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Old 01-11-2017, 07:26 PM   #1
slingkong
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Nov 2013
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I know most uses for pumps are nearby - recirculating mash, etc. I brew in my garage and my fermenter lives in the basement, with a point to point horizontal distance of around 25 feet and net vertical of around 8 feet down. Can a typical brew pump move wort that far?

 
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Old 01-11-2017, 08:05 PM   #2
treebeerd
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Not an expert, nor have I tried to move wort that far with a pump, but since you have gravity working with you the whole way, I wouldn't think your pump would have to work all that hard. Should be fine.

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Old 01-11-2017, 08:41 PM   #3
orionol73
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You could probably just gravity feed it the whole way if you really wanted to. That 8ft drop should be enough to create enough of a siphon

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Old 01-12-2017, 03:42 PM   #4
slingkong
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Thanks folks. Seems like it's worth a shot.

 
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Old 01-12-2017, 04:03 PM   #5
schematix
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Probably won't gravity feed well in a section that long. I'd pump and when done disconnect in the garage and then walk the hose to the fermenter, coiling as you go, to push the last volume of wort.
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Old 01-12-2017, 04:20 PM   #6
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I know the specs on my March pump is 7 gallons a minute and has a maximum height of 18.6 feet. So it is pretty good at lifting wort. Horizontally is easier and I have used a 20 foot hose to drain my kettles of excess cleaning water (PBW) after testing with a pump, and routed it out the patio door and it worked very well. Your situation may be different but I think you should be fine horizontally.

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Old 01-12-2017, 04:21 PM   #7
Anyhowe
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Quote:
Originally Posted by slingkong View Post
I know most uses for pumps are nearby - recirculating mash, etc. I brew in my garage and my fermenter lives in the basement, with a point to point horizontal distance of around 25 feet and net vertical of around 8 feet down. Can a typical brew pump move wort that far?
8 ft drop in 25? Holy moly the Romans would have sacrificed the world for that slope. Gravity alone should be no problem. The bigger diameter line the better.

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Old 01-12-2017, 04:34 PM   #8
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Every pump is different, it will depend on the specs of the pump. For the most part, the overall height you are pumping (feet of head) is where most of the resistance for your pump comes from. If you are going downhill you are more than likely going to be fine.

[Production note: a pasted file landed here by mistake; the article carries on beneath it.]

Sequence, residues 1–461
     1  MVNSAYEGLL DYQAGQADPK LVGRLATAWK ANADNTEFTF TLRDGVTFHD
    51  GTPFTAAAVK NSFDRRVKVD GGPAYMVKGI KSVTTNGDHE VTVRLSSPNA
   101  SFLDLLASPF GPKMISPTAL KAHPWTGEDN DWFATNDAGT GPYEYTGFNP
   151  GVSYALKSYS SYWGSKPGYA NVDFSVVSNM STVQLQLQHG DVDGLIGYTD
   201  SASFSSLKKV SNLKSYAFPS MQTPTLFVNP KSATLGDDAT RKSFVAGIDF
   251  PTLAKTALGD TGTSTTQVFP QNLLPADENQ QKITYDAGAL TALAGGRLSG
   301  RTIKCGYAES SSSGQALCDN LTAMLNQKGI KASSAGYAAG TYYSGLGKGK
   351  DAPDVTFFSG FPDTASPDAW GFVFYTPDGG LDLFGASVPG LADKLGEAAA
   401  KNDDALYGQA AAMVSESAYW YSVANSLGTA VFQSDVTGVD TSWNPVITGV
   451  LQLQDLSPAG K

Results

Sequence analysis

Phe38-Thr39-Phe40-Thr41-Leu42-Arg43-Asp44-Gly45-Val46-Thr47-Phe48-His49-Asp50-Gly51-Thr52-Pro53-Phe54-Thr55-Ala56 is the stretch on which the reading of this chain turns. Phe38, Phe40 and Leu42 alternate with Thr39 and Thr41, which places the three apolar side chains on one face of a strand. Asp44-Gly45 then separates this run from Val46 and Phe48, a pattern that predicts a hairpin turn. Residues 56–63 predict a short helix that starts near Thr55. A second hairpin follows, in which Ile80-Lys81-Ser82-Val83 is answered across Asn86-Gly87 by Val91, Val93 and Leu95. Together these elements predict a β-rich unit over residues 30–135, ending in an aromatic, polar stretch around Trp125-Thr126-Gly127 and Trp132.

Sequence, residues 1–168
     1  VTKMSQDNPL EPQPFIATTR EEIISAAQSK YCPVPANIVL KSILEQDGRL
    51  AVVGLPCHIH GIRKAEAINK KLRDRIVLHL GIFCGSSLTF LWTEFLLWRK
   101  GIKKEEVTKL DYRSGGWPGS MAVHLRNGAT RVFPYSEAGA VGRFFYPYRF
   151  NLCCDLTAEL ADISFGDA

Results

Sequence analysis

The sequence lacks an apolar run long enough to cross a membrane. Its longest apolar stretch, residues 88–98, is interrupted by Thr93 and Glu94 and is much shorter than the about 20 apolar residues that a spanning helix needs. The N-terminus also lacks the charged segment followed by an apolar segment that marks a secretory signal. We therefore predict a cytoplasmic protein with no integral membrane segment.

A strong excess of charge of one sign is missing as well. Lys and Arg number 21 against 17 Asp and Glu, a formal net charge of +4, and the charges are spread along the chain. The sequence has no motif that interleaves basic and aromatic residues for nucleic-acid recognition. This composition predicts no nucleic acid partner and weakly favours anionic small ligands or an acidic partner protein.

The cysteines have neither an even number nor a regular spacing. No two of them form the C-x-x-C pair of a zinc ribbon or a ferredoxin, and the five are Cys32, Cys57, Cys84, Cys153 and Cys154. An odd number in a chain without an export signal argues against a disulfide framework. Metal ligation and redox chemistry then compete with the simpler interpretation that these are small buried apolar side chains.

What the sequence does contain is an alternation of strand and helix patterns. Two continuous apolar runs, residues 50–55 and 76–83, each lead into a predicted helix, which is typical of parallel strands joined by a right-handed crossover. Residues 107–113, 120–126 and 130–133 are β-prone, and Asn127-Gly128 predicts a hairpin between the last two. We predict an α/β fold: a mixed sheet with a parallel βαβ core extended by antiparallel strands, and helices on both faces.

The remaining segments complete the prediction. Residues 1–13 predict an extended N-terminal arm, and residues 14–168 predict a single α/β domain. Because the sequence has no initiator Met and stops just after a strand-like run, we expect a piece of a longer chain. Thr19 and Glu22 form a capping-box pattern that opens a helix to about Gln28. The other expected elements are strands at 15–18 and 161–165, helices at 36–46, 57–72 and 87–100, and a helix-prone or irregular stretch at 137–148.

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Old 01-12-2017, 06:35 PM   #9
schematix
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It's not just the pump that determines the performance of a system, it's also the piping. Both the pump and the piping have a flow vs head (pressure) curve. It's where those 2 curves intersect that the system will operate.

Going with a larger ID hose will give you less restriction (i.e. less pressure drop), but at the expense of a more expensive hose and a significantly larger volume of potentially wasted wort. You can run a volume calculation very easily to determine how much.

Also you may want to consider cleaning that hose since it's on the cold side. There's no way you're going to get a brush 25' long, so it'll need to be CIP'd. For CIP to be effective you need high flow rates (several feet per second). The larger the hose, the larger the pump you'll need to get the flows.

In your situation i'd look to use 3/8" tubing to minimize the volume in the tubing and increase the linear speed for CIP, and push it with your pump since you have one. It probably will gravity feed but if you have an horizontal or even inclines areas on the path you may run into trouble trapping bubbles, which will really slow you down.
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Old 01-12-2017, 10:21 PM   #10
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I'd be curious to see how it goes for you. I've thought about doing the same (http://www.homebrewtalk.com/showthread.php?t=575571). I think I'm looking at 50+ feet though. It would beat carrying 10+ gallon batches that distance and down stairs.

 
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